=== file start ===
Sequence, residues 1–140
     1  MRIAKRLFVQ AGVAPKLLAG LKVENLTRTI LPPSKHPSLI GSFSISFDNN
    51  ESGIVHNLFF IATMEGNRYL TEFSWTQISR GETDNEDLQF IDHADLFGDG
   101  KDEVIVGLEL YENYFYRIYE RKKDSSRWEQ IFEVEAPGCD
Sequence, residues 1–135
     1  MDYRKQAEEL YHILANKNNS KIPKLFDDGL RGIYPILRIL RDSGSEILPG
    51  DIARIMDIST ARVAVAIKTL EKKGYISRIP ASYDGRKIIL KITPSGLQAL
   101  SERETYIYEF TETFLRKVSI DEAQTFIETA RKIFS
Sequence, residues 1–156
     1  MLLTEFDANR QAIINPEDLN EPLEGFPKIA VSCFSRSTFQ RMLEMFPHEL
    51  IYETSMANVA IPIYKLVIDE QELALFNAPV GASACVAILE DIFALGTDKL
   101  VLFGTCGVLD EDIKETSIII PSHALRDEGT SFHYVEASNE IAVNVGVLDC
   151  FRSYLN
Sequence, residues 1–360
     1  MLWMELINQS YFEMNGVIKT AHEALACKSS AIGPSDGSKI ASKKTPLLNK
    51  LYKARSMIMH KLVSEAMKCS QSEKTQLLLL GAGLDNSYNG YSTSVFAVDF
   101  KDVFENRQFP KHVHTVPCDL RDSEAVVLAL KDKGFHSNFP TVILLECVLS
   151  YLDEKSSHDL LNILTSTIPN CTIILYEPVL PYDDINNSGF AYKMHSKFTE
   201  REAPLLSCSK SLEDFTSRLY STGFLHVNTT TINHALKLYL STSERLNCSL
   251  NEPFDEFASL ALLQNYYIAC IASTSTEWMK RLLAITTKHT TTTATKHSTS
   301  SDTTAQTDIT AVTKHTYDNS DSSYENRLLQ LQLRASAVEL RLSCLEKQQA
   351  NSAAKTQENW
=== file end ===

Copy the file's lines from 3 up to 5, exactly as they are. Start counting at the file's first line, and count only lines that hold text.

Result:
    51  ESGIVHNLFF IATMEGNRYL TEFSWTQISR GETDNEDLQF IDHADLFGDG
   101  KDEVIVGLEL YENYFYRIYE RKKDSSRWEQ IFEVEAPGCD
Sequence, residues 1–135